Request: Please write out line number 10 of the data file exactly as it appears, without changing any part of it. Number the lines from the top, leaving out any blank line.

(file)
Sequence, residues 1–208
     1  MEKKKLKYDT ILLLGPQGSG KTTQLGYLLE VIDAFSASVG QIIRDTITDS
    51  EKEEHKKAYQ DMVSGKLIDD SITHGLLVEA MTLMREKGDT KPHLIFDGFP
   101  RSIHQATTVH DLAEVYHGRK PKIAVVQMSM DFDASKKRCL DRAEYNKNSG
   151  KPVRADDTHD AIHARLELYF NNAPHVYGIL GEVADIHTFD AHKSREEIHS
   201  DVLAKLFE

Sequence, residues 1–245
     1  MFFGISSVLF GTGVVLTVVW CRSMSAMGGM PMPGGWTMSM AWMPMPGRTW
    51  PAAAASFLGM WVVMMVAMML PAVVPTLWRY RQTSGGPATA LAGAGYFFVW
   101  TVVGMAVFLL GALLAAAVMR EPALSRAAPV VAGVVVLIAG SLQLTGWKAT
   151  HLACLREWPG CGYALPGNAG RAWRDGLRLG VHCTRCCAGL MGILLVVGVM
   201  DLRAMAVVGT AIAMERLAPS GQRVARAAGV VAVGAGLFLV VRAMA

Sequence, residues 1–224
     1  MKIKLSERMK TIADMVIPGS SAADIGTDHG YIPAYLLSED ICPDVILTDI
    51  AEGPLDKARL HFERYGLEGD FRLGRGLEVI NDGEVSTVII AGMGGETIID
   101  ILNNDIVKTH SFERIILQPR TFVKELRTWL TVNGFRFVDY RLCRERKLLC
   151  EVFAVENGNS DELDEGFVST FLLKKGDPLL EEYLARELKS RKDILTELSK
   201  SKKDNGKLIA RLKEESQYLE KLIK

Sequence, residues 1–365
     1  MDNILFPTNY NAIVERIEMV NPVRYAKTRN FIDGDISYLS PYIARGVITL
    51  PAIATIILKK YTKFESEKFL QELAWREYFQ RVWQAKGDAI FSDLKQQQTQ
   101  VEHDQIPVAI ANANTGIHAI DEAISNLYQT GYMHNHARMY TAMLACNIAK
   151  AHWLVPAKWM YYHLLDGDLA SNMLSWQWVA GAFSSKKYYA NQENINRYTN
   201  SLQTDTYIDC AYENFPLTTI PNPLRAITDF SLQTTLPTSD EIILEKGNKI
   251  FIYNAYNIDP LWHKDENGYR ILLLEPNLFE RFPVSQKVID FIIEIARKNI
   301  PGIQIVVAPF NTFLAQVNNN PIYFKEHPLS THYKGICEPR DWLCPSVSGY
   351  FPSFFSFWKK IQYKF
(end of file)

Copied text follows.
   101  TVVGMAVFLL GALLAAAVMR EPALSRAAPV VAGVVVLIAG SLQLTGWKAT